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Unity Transaction Handler

This post is going to explain how to write a custom Entity Framework Transaction Handler using Microsoft Unity Container. Unity is a light weight dependency injection framework created by the Microsoft Enterprise Best Practices group that also allows optional type and instance interception. You can find all about Unity here.

The idea behind a Transaction Handler is to allow application developers to use consistent programming model of transaction management regardless of the underlying technology. As a long time Java programmer, I have seen the benefits of using Spring Framework's transaction management, and I wanted to apply the same programming model and approach to my recent .NET project.

Microsoft Unity version 2.0 at the time of this writing did not have an out of the box transaction handler that could easily integrate with Entity Framework unlike its Spring Framework counter part. This post is going to go into detail on how to configure Unity to declare a custom transaction handler. This post will not go into detail on how to configure Unity but will show you how you can enable Unity's interception support as it is needed for us to intercept our object and inject our transaction attributes.

Let's begin.

The first thing we have to do is to enable Unity's Interception capabilities. You can do this in two ways and it really depends on how you are wiring your Unity Container. I will show you both options.

public static void BuildUnityContainer(IUnityContainer container)
                    .AddMatchingRule<MemberNameMatchingRule>("ServiceLayerMatchSave", new InjectionConstructor("Save*"))
                    .AddMatchingRule<MemberNameMatchingRule>("ServiceLayerMatchClear", new InjectionConstructor("Clear*"))
                    .AddMatchingRule<MemberNameMatchingRule>("ServiceLayerMatchExecute", new InjectionConstructor("Execute*"))

The above code assumes you are wiring your container programmatically and you have access to IUnityContainer interface. The first line of code basically configures the container for Interception handling. The next lines of configuration basically adds an interception policy that uses a regular expression for matching method names and applies our TransactionHandler to matching endpoints. You can see that I have configured our TransactionHandler to be applied to methods that begin with "Save", "Clear" and "Execute".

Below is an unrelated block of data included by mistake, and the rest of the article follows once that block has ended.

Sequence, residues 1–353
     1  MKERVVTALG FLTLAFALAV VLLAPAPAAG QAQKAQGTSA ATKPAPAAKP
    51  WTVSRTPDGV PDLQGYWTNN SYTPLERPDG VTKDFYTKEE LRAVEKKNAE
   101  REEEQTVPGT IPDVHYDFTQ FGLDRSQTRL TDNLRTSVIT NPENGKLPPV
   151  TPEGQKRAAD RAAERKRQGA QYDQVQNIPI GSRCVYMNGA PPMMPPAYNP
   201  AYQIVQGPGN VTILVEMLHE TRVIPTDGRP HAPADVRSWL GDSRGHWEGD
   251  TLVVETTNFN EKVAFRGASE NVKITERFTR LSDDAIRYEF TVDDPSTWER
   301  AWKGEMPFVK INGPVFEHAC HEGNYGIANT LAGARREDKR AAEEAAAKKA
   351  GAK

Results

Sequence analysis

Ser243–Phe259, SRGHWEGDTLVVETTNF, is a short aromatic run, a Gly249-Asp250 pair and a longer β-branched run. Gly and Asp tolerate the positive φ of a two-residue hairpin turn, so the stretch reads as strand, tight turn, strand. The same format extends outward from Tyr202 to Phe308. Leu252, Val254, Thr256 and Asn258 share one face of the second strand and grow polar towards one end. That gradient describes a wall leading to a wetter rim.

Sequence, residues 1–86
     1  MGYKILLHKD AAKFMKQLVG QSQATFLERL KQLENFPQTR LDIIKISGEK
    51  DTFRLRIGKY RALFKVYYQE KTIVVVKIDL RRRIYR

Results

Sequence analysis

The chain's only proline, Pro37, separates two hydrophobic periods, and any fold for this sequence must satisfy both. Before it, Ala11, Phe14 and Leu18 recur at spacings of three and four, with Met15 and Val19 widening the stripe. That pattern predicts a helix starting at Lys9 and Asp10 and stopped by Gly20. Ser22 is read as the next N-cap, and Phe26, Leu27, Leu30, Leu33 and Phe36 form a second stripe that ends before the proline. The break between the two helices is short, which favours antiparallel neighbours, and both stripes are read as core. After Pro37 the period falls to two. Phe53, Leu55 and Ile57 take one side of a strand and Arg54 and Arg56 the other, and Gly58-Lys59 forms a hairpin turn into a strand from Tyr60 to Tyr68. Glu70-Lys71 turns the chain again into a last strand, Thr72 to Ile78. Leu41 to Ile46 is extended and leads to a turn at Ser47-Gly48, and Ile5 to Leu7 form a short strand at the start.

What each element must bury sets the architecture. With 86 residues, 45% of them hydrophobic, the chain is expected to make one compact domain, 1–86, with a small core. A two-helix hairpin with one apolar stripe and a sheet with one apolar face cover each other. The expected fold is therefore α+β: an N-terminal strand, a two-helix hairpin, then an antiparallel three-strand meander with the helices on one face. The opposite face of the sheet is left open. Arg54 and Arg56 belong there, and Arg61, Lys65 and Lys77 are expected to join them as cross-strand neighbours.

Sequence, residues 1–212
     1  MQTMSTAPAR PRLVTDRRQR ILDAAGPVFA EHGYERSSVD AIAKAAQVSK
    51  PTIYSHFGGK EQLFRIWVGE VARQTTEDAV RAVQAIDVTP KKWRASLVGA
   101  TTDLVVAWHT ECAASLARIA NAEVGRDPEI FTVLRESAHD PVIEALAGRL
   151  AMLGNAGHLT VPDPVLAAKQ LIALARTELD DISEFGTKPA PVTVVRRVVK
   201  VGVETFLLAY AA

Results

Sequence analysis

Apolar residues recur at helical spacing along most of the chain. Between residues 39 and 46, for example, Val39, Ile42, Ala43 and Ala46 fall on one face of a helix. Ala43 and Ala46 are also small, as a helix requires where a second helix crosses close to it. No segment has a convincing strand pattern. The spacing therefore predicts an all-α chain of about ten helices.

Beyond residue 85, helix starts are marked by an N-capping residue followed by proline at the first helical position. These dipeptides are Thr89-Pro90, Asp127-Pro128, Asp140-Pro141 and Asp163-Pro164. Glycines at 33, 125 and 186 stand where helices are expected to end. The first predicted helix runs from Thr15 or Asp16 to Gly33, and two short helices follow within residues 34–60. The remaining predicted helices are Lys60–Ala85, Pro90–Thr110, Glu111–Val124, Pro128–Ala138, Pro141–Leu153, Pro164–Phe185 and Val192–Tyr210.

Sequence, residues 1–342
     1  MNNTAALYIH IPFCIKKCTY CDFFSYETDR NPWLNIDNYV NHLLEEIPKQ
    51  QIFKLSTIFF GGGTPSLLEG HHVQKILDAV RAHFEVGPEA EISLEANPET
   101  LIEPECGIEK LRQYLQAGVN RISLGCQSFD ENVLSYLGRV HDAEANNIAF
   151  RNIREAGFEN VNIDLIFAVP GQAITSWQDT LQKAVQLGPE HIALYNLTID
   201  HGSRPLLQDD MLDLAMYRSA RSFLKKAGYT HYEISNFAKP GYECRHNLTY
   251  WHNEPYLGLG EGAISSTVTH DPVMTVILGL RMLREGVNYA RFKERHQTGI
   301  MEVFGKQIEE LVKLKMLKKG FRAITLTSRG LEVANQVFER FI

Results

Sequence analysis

Following configuration snippet can be used if you are wiring Unity declaratively.

<extension type="Interception"/>
<policy name="BeginTransactionScopeSave">
<matchingRule name="ServiceLayerMatchSave" type="MemberNameMatchingRule">
<param name="nameToMatch" value="Save*"/>
<callHandler name="TransactionHandler" type="TransactionHandler, Core"></callHandler>

Above configuration accomplishes what we accomplished with our programatic approach. It first enables the Interception extension for Unity and then declares a policy that uses a regular expression for matching method names to apply a provided custom TransactionHandler.

Following is the actual TransactionHandler definition.
 public class TransactionHandler : ICallHandler
        public int Order { get; set; }
        private IUnitOfWork iUnitOfWork;

        public TransactionHandler(IUnitOfWork iUnitOfWork)
            this.iUnitOfWork = iUnitOfWork;

        public IMethodReturn Invoke(IMethodInvocation input, GetNextHandlerDelegate getNext)
            IMethodReturn returnMessage;

            using (TransactionScope scope = new TransactionScope())
                //Use logging in production
                returnMessage = getNext()(input, getNext);
                //If Exception is thrown rollback
                if (returnMessage.Exception == null)
            return returnMessage;

The above code uses Unit of Work pattern to get access to the underlying data access technology. You can see that this object implements the ICallHandler interface and provides the implementation of the Invoke method. It basically uses the TransactionScope and handle's the target object's method execution and depending on the target object's method execution result (exception vs no-exception), it commits the transaction to the database.